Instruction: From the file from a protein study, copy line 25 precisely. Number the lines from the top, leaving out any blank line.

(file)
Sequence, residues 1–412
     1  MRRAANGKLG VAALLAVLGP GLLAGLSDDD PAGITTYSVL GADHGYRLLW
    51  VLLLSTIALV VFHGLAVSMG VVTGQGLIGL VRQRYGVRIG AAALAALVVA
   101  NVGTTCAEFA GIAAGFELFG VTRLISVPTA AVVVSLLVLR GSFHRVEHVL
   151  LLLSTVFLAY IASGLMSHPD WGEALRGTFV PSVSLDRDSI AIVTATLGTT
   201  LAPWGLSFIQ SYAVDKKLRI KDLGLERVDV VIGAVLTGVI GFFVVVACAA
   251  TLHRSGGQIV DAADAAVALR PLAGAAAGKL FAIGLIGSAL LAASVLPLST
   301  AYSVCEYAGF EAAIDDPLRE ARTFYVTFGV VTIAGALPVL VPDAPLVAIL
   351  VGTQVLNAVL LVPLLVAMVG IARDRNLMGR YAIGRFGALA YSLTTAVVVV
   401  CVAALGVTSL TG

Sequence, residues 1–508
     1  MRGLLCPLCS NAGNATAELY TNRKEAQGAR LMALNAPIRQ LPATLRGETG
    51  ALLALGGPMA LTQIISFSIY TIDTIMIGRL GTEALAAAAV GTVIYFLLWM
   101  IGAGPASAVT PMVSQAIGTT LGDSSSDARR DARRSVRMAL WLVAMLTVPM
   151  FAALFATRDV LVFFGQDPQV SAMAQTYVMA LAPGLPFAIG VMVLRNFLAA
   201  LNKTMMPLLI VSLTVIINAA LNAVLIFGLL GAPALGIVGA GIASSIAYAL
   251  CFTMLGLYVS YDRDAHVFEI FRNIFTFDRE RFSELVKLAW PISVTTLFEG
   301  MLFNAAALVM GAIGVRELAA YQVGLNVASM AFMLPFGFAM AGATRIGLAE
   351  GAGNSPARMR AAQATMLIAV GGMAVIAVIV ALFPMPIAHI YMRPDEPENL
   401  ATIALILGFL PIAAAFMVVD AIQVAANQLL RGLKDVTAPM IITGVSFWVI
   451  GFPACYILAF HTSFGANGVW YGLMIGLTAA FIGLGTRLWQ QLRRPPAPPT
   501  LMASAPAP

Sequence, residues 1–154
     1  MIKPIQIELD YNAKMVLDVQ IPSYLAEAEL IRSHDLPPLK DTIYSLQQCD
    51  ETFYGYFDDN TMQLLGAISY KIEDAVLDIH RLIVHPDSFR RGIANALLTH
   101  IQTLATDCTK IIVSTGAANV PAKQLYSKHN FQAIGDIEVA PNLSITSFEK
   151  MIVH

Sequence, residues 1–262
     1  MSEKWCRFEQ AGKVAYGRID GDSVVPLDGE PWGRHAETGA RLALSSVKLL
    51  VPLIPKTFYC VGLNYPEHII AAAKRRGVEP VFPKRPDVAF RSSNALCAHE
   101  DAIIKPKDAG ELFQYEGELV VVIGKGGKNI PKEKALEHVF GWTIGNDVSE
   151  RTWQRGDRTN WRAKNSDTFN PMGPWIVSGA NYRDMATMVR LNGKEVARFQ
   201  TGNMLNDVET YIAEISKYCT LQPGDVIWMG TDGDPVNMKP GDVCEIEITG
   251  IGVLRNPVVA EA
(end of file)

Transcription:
    51  ETFYGYFDDN TMQLLGAISY KIEDAVLDIH RLIVHPDSFR RGIANALLTH